Imagine a Canada without maple trees. And without maple syrup. This could be the reality if the Asian long-horned beetle were to spread through Canadian forests. Not only is maple syrup integral to our pancake breakfasts, but it’s also an important part of our economy. Last year $25 million of syrup flowed out of Ontario trees alone. An outbreak of an invasive species like the Asian long-horned beetle could result in a significant loss of revenue, jobs, and an ecological and cultural cornerstone.
RAIN is working with the Canadian Bushplane Heritage Centre, Algoma Maple Syrup Producers Association and Ontario Maple Syrup Producers Association to create an interactive exhibit that will engage and educate museum visitors on the production of Ontario maple syrup and its contributions. It will be part of the museum’s Natural Resources Canada section on Sustainable Forest Management that considers the devastating impacts of invasive species. The exhibit will also promote local maple syrup producers and opportunities.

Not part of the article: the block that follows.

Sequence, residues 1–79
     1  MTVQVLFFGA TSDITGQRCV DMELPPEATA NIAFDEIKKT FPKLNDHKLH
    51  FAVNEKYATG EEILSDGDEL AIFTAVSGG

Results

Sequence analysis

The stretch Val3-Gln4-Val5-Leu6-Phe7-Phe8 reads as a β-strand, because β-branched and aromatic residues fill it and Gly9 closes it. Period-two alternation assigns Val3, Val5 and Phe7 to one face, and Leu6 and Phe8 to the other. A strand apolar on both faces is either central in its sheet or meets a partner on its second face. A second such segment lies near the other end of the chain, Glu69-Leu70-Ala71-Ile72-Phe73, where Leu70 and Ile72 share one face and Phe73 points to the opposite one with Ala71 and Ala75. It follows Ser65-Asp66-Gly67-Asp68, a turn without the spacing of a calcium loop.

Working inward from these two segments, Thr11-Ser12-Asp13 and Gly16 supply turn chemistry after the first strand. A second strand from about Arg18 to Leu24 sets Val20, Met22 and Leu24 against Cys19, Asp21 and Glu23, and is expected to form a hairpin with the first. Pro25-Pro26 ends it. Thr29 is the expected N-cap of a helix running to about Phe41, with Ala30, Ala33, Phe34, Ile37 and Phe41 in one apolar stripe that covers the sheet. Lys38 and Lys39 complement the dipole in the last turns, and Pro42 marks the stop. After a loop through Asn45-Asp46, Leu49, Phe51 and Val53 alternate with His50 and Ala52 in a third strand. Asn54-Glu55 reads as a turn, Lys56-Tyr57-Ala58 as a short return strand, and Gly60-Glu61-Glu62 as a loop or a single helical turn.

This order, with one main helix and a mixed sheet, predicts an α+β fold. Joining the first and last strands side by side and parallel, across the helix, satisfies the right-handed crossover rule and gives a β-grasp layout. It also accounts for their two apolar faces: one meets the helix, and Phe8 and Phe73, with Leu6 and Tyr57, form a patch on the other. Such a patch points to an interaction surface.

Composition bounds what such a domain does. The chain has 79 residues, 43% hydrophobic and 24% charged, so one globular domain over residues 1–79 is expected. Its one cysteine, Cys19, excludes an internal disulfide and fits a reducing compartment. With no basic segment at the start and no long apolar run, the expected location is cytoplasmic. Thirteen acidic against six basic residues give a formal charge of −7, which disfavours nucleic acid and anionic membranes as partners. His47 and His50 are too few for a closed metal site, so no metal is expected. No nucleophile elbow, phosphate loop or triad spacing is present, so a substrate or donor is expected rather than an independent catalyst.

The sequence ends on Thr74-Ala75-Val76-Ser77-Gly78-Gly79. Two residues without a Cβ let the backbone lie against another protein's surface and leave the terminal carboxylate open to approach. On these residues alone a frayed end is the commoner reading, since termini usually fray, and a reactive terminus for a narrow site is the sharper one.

The centerpiece of the exhibit will be an iPad video game application, “Sap Tap”, developed by North Origin Games. Visitors can help a young girl named Sarah and her grandfather go through the process of making syrup – all the way from the tree to the table.
RAIN’s goal with the project is to create consumer awareness on the Ontario maple industry and the risk invasive species pose. It will raise the profile of the Algoma maple syrup industry and call attention to the significant potential for expansion. While the full section will not be launched until 2019, the maple syrup exhibit will be completed this year.
- Statistical Overview of the Canadian Maple Industry 2017, http://www.agr.gc.ca/eng/industry-markets-and-trade/canadian-agri-food-sector-intelligence/horticulture/horticulture-sector-reports/statistical-overview-of-the-canadian-maple-industry-2017/?id=1524607854094
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